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It’s Christmas Day. While everyone else is sat at home drinking eggnog and watching Die Hard, I’m in the fancy office of a popular clickbait farm. It’s a converted warehouse littered with MacBooks, freebies sent from companies desperate for their product to be plugged, and the pingpong tables, game consoles, and bar you’ll find in every office that wants you to be there as much as possible.

There are four writers on the evening shift today, and we’re all swigging Jack Daniels straight from the bottle. Everyone’s a bit agitated because it’s Christmas Day, and not enough people are reading our atrocious 300-word blog posts with titles like “5 Things You Won’t Believe About Kanye West, Number 4 Will Really Shock You” because, unlike us, they’re spending the holidays with people they love and have forgotten about reading trash online.

The work in our content mill (situated, ironically enough, in an old mill) is not for the faint-hearted. Each writer has to produce eight articles a day, five days a week. If you don’t get decent traffic, you’ll be summoned to the shiny boardroom and told, “Look, it’s not good enough. If you can’t do the job, we’ll get people who can.” This happens routinely. Things get very tense.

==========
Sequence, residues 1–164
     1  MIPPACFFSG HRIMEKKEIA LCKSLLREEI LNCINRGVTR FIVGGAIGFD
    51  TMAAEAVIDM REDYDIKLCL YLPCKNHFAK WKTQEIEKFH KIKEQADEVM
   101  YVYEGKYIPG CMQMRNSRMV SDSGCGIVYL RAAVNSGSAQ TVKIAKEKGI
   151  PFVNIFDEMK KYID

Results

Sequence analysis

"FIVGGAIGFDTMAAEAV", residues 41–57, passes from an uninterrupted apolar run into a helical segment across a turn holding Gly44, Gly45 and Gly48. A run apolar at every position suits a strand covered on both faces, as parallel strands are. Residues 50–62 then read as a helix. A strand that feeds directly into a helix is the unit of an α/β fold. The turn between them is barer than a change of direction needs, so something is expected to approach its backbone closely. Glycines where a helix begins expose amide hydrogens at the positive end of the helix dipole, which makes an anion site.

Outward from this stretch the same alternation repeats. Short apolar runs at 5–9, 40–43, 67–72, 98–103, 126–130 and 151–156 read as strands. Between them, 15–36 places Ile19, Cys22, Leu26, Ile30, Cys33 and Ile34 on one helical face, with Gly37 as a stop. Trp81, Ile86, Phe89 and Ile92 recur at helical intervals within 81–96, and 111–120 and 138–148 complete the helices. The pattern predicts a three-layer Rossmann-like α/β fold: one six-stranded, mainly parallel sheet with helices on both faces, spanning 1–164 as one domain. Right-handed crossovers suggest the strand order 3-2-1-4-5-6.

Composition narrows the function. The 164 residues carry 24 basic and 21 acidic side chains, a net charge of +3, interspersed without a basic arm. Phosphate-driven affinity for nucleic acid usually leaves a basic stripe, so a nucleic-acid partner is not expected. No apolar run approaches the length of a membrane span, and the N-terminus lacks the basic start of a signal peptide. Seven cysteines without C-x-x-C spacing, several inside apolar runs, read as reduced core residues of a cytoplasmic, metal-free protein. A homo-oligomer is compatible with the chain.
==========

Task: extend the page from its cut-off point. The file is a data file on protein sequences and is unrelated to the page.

“Fuck it, let’s make it up.”

The number of visitors to the website is displayed, in real time, on large screens. Our industrial content machine runs incessantly and stops for nothing or nobody, a new lashed-together article is published every 10 minutes, seven days a week, 365 days a year. It’s a revolving door of editorial garbage. If you’ve ever wondered why so many companies resort to false and misleading titles and asked, “Why don’t they just write something with some merit?”—it’s because if you write something honestly, you won’t get as many precious clicks. And if there aren’t enough clicks, writers like me are out of a job.

Because it’s Christmas Day, the digits on the wall are getting dangerously low. The advertisers won’t like this, our boss will say.

“Fuck it, let’s make it up,” a colleague splutters. A salacious piece of fiction about a man’s love life soon materializes. It is published, causing the figures to shoot up at the speed of an electrical jolt. It went super viral and the next day was being covered by mainstream news outlets all over the world, which at the time, I’ve got to be honest, I found mildly amusing.


I’ve been a freelance writer for years. During that time, I’ve put my all into decent work that has appeared under my byline. But despite researching and writing and fact-checking and interviewing for an incalculable number of hours, my freelance work just doesn’t raise enough money to live in a big city. In order to make my freelance work financially viable, I spend half my time writing things that are worthwhile, and the other half prostituting myself out in the name of fake news.

I know it’s shameful. For every article I’ve written that is worthy of an audience, I’ve produced five that make me feel like stabbing myself in the eye with a large pointed instrument. I can’t look at them now. At the time, I rationalized all this by telling myself that my fake news was a drop in the ocean and wouldn’t make a difference. That I was just doing this to get by, that it was enabling me financially so I could write about issues I found important.

Looking back, that was a pompous contradiction. But, hey, it helped me look at myself in the mirror in the morning.